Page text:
All the baby animal names fit to print

Enough with the serious stuff. Let’s talk about puppies and kittens. And cubs, kits, and calves.

When a human is born, it’s an “infant,” a “baby,” or sometimes identified by its sex, a “boy” or “girl,” “male” or “female.” We’re lucky. Not many animals have as many ways to refer to their young. (Yes, we’re anthropomorphizing. It is the dog days.)

As we wrote a couple of years ago when we discussed names for groups of animals, many of these animal nouns can be traced to the Book of St. Albans (or Boke of Saint Albans), published in 1486 as a guide to gentlemanly language on hunting “beestys and fowlys.”

There seems to be no rhyme or reason to which animal gets what baby name, then or now. The Oxford Dictionary blog listed a bunch about six years ago, and Wikipedia (of course) has an extensive list.

Deer and similar animals have “fawns,” and the horsey set gets “foals” (as well as “colt” for a male and “filly” for a female). But “calves” come to deer and antelope and cattle.

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For canines like wolves and coyotes, as well as hyenas, the newborn is usually a “puppy.” Subtract “py” from “puppy,” and you have “pup,” which is what anteaters, armadillos, moles, and porcupines have, but also seagoing critters like dolphins, sharks, seals, and sea lions. And rats.

Bears have “cubs,” as do aardvarks, badgers, and walruses. And tigers and cheetah. Why do big cats like tigers and cheetah have “cubs” instead of “kittens,” like smaller cats? Who knows?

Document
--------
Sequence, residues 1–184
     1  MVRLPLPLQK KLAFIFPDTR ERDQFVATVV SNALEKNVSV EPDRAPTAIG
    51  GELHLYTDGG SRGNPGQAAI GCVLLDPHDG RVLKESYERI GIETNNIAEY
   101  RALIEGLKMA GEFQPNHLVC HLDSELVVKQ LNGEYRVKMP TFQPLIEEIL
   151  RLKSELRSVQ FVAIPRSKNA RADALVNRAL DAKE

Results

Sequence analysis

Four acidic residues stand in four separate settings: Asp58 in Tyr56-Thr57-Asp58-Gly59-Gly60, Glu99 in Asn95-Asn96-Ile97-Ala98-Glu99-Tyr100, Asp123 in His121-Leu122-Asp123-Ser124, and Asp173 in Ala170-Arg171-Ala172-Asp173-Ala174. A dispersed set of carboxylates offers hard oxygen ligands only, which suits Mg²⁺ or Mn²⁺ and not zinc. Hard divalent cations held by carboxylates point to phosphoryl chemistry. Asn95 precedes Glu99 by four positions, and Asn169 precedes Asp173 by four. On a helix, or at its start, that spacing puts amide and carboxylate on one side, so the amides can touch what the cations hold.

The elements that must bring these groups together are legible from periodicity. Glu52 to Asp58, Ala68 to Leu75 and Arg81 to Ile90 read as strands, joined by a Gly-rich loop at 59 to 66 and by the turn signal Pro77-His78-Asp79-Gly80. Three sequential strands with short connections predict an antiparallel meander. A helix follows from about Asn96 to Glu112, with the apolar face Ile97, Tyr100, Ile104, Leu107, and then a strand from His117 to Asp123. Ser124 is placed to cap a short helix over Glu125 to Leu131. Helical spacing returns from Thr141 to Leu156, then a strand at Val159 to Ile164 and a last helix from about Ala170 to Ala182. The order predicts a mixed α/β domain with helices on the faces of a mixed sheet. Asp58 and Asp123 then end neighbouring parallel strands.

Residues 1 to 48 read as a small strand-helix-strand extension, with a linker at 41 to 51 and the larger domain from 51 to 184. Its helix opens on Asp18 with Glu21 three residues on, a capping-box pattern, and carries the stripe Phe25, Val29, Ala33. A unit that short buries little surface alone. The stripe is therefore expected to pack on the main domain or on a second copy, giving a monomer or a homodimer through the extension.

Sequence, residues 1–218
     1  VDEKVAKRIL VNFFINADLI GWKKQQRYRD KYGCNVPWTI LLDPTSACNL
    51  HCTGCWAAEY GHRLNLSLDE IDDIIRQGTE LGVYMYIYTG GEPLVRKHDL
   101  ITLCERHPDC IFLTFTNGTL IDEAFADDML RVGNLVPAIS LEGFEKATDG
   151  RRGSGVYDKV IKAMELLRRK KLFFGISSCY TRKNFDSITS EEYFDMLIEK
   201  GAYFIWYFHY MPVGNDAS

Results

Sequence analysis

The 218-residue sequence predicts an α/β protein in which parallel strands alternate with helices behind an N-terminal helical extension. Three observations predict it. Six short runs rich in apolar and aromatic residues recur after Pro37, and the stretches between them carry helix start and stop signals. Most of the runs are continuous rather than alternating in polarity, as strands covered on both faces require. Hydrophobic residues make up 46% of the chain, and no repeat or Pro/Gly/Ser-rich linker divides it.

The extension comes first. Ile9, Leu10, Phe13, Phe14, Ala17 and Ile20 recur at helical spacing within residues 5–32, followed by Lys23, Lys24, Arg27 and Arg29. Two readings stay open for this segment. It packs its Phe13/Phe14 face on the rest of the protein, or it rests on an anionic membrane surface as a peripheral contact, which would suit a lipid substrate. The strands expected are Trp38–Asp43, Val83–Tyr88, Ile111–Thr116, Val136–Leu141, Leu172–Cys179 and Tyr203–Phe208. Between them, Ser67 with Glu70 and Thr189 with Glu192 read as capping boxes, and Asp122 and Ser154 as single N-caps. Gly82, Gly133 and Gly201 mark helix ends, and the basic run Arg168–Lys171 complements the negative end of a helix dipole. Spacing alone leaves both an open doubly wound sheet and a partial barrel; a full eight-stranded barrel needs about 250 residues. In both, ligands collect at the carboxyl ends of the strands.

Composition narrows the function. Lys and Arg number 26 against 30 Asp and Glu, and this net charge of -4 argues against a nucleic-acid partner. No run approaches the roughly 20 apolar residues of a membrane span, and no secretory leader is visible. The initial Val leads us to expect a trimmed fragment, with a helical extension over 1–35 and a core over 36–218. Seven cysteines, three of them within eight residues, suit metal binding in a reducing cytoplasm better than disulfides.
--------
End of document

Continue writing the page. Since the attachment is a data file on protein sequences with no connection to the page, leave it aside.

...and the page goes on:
Take “ten” from “kitten” and you have “kit,” used for newborn cats, of course, and foxes and racoons, but also for rabbits and skunks. And rats.

That’s right. Some babies, like rats, don’t fight like cats and dogs over what to call themselves: Mice, beavers, sloth, and squirrels all are “kittens” or “kits” and “pups.”

Some animals become babies just by adding a “let” to their parents’ names, like the familiar “piglet” and the less-familiar “shrewlet.” Some add “ling,” making “duckling” and “gosling” and all manner of “hatchlings,” including nearly everything that pecks its way out of a shell.

The “ling” suffix creates a diminutive, a thing smaller than its root, and derives from Old Norse, the Oxford English Dictionary says. Its first recorded use was about 1314, the OED says, for “codling,” still used for a baby codfish. The “let” suffix is more recent, says the OED, coming from the French diminutive in the mid-16th century. (Though English has some words that use the French feminine ending, like “towelette” or “ambulette,” animal babies mostly use the masculine “let” ending.)

Owls and eagles can have it both ways; their newly hatched can be “owlets/eaglets” or “fledglings.” Of course, many birds also are “fledglings” or “nestlings.” And many birds have “chicks.” Wikipedia says hedgehogs do, too. (Or “pups” or “hoglets.”) Komodo dragons might have “chicks” or “calves.” Go figure.

Some animals, though, share their names with few other young’uns. An “eyass” is a new hawk or falcon, and marsupials like kangaroos and koala bears have “joeys” (so do opposums). Pigeons are “squabs” or “squeakers,” a baby pike is a “pickerel,” and a newborn salmon is a “parr” or “smolt.” Only sheep have “lambs,” and only swans have “cygnets.”

Then there is the echidna. An egg-laying mammal that looks like a cross between an anteater and porcupine or hedgehog, it’s related to only one other animal, the platypus. It’s a little silly to call its baby a “puggle.” But it is. Or maybe not: Though National Geographic calls the babies “puggles,” and Wikipedia’s entry on echidnas calls the babies that, Wikipedia’s main animal names entry notes that “puggles” is “in common use, but not scientifically endorsed.”

What’s a parent to do?

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Merrill Perlman managed copy desks across the newsroom at the New York Times, where she worked for twenty-five years. Follow her on Twitter at @meperl.